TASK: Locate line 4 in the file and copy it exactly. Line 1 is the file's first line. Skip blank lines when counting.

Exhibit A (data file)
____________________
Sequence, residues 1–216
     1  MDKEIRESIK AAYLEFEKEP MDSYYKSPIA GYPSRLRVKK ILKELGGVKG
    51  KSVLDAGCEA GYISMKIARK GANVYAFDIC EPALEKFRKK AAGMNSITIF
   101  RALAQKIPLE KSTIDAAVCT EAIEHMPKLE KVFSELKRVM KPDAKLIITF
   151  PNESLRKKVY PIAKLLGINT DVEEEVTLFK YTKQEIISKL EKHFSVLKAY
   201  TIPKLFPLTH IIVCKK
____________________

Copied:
   101  RALAQKIPLE KSTIDAAVCT EAIEHMPKLE KVFSELKRVM KPDAKLIITF